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Pre-pandemic, occupants wouldn’t think twice about piling into an elevator to take them up just a few floors to their destination. That probably won’t be the case anymore, and so depending on the size of a building, facility managers need to figure out how — with wayfinding, signage, and designating certain stairwells entrance and others egress (if possible)— to make it easier for occupants to take the stairs, while being able to maintain social distancing, as well. That’ll both help prevent infection spread in a crowded, cramped elevator, and also simply give employees a quick burst of exercise.
Indeed, many strategies facilities managers should consider will have benefits both for active and preventive health. One thing we learned pretty quickly during the pandemic was that while healthy people were just as likely to contract COVID-19, they often handled the illness much better and recovered quicker than people who had underlying health conditions. For that reason, many people have made getting healthy a priority, and they’ll be looking to the workplace to help them further that goal.
(Open and inviting stairways encourage people to increase step counts and skip the elevator. Credit: Cory Klein Photography)
This also means workplaces that prioritize health and wellness strategies in the post-pandemic world will be more attractive to top talent than in the past. “The creation of a safe environment for employees leads to higher retention, higher retention leads to better workflow efficiency, and efficiency leads to profit,” says Katie McHugh, design director for NELSON Worldwide. “We have also learned that people who feel healthy and safe are more productive and balanced in their work.”
But in the post-pandemic world, conversations will move well beyond what it means to keep occupants safe and include these conversations about active health and wellness, as well. “Safety has often dominated the conversation, as people need to feel secure in buildings to want to spend time in them,” says Garrett Ferguson, sustainable building advisor for Perkins and Will. “Health is just as critical, and we’ve seen growing studies and conversations regarding ‘healthy buildings’ ever since the rise of ‘sick building syndrome.’ I think that recent events will elevate those conversations, and also bring health and wellness to the forefront of company priorities.”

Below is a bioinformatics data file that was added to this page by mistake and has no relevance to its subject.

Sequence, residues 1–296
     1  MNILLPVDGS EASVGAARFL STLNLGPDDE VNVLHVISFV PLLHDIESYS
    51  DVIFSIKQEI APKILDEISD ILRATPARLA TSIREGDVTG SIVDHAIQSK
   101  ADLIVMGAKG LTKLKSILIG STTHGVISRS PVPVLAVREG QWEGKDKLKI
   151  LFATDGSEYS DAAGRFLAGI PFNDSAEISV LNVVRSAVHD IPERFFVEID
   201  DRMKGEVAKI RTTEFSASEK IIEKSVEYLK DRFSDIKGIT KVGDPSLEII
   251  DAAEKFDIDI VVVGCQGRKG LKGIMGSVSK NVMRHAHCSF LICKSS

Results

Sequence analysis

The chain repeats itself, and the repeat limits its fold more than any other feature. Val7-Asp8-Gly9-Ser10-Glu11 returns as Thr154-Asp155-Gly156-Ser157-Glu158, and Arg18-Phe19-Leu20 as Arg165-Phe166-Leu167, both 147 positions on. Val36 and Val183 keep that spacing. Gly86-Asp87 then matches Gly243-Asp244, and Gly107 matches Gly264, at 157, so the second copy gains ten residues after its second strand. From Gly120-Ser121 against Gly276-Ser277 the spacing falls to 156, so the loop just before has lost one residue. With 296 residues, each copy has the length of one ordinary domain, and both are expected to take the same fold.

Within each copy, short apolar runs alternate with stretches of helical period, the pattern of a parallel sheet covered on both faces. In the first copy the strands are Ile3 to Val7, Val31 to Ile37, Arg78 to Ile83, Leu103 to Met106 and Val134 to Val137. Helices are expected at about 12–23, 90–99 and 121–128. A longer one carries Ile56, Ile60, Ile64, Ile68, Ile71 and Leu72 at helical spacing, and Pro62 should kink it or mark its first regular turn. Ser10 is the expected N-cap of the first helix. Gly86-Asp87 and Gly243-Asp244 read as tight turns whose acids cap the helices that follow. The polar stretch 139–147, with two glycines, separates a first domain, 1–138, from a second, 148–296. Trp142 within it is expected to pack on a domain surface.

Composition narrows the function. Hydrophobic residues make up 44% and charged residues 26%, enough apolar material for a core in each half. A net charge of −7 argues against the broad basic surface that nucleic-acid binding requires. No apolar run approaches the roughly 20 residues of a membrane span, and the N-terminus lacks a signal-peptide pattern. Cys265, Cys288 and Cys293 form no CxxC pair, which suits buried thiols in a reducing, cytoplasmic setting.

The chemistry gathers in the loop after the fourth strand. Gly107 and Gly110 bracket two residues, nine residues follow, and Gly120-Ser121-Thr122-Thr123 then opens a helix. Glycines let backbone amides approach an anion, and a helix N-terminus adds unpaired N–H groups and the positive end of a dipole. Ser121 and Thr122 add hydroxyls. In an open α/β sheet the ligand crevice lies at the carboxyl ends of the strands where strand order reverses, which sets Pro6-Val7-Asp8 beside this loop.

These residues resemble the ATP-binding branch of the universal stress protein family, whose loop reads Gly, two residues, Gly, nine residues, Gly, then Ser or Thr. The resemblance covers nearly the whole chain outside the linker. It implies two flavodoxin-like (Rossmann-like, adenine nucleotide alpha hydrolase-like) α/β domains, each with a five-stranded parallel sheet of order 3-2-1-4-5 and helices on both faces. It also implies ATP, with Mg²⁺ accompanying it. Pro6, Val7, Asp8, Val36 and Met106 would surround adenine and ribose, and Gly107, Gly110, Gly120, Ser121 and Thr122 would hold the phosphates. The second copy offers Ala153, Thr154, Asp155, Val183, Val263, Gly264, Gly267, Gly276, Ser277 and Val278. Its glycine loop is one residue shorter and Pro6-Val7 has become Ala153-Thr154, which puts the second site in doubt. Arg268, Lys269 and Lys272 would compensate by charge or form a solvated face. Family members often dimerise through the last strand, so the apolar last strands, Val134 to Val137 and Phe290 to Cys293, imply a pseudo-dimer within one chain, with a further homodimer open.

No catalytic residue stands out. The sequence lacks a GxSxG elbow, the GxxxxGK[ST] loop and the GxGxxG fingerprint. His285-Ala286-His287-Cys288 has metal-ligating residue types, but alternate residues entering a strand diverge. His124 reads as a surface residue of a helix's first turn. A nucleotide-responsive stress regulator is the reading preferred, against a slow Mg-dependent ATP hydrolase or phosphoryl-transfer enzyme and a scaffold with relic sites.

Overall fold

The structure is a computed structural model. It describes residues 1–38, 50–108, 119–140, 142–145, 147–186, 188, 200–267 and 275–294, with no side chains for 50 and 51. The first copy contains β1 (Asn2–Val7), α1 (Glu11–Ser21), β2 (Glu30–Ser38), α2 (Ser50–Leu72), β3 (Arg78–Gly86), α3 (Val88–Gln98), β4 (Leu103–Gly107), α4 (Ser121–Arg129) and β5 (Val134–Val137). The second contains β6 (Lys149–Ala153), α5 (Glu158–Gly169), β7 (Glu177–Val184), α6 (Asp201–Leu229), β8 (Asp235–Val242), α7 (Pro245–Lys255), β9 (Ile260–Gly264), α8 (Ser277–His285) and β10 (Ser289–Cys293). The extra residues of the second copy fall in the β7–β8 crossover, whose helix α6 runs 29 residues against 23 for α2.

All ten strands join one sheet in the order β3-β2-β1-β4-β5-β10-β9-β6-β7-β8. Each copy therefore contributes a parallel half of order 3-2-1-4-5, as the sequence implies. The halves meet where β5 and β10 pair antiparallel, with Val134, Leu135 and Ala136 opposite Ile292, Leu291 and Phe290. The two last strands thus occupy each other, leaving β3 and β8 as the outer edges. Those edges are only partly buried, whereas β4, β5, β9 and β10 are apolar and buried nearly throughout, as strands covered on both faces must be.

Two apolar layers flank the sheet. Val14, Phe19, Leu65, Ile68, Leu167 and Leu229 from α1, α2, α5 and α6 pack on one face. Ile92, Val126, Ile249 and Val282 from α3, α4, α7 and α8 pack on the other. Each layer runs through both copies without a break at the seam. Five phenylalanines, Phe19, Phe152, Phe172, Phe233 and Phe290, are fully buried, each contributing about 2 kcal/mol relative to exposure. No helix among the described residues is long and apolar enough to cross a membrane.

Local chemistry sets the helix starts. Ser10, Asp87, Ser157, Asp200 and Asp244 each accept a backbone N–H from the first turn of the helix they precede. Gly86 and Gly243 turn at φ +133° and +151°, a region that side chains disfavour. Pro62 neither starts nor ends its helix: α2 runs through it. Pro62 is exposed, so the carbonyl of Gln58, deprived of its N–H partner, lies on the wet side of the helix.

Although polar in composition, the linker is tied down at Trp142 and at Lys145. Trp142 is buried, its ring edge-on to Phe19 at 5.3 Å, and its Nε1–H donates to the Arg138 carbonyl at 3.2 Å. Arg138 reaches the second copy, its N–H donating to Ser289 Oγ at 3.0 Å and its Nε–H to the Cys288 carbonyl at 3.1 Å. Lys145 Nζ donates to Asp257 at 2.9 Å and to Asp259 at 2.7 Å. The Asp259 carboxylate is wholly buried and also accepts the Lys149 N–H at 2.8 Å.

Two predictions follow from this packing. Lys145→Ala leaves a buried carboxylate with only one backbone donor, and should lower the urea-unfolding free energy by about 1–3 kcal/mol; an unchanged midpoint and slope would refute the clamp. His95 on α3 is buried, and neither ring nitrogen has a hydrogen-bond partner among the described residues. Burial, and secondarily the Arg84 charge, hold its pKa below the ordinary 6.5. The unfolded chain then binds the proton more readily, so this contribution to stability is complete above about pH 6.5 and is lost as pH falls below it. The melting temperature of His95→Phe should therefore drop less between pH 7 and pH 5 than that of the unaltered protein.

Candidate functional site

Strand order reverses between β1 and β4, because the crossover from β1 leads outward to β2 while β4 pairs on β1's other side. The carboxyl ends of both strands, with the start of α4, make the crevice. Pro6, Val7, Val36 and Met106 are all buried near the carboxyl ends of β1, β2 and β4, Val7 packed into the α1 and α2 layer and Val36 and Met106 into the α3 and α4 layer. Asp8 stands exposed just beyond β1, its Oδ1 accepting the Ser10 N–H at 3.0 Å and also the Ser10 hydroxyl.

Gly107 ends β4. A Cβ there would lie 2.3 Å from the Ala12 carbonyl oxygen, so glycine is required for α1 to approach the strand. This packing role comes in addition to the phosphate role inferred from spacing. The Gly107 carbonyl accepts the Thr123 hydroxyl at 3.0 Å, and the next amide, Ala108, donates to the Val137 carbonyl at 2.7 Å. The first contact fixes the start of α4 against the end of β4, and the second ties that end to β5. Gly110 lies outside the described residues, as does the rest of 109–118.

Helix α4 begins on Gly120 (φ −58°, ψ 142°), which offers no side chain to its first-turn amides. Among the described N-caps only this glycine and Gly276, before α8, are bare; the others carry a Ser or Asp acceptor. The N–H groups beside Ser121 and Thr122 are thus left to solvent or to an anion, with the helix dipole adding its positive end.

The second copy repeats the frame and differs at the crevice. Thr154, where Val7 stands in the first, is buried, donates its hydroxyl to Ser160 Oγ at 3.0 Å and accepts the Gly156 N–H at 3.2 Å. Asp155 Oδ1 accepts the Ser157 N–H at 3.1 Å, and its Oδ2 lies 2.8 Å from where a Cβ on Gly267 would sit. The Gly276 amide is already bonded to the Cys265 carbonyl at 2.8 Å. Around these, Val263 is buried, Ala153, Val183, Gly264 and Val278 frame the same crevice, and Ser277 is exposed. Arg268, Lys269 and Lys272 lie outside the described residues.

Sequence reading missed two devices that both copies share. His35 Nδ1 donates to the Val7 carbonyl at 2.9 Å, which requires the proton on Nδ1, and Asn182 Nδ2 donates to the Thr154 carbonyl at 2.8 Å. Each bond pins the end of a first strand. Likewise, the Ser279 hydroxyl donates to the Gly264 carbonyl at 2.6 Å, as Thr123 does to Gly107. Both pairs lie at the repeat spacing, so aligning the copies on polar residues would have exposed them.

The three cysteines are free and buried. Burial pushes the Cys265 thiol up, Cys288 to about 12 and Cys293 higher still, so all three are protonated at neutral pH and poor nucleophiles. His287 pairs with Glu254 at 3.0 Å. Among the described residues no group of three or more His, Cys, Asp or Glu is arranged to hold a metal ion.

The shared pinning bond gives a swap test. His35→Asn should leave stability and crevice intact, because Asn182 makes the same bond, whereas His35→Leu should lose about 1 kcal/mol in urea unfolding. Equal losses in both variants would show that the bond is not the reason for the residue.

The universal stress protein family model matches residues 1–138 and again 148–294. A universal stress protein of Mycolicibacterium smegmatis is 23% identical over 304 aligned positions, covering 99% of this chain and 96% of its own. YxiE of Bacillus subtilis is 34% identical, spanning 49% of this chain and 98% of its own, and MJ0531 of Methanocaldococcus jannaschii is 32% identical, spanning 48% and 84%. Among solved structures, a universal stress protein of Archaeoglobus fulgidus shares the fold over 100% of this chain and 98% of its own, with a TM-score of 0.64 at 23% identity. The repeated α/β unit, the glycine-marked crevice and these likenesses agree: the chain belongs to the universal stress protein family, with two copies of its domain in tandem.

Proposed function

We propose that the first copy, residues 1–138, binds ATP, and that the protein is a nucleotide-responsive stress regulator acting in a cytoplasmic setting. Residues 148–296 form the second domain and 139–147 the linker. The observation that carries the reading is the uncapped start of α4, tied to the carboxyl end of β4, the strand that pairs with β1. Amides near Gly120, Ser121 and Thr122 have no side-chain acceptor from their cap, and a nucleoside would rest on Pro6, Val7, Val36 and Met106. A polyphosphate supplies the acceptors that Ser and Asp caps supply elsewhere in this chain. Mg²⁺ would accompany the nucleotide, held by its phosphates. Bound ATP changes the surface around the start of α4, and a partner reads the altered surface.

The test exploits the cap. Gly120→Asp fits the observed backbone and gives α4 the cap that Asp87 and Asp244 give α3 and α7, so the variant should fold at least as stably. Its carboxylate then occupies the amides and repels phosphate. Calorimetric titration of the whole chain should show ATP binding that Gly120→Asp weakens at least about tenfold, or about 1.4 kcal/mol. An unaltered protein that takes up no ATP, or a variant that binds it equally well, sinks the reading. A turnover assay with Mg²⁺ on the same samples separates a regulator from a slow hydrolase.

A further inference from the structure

LEED certified buildings have been shown to command a premium for rent and a better ability to recruit and retain top talent, and many experts see that being the case for health and wellness-focused rating systems like WELL and Fitwel, as well. These rating systems add a bit of initial cost and a lot of complexity to any project, but even before the pandemic, experts touted the financial payback of using these rating systems in terms of improved productivity. With a premium of $4 to $5 per square foot, which might be on the high end, “you can get a 20 percent productivity gain for people who (have certified) space,” says Carney. “That’s a pretty minor investment, for a pretty major gain.”
Like LEED certified buildings, WELL and Fitwel certified buildings also will be more valuable. “There is clear evidence that buildings that make health and wellness a centerpiece are simply worth more,” says Scialla. “Health and wellness is not just an investment in people. By definition, it’s an investment in the asset itself.”
In many cases, it’ll be up to the facility manager to keep occupants and top management apprised of these initiatives to ensure buy-in and to relate their effectiveness — financial and otherwise. “The communication of these new health and wellness guidelines and protocols is crucial,” says Brigitte Preston, principal and interior design director for the Dallas office of Perkins and Will. “Change management is key to create new habits and to support employees in this new normal.”
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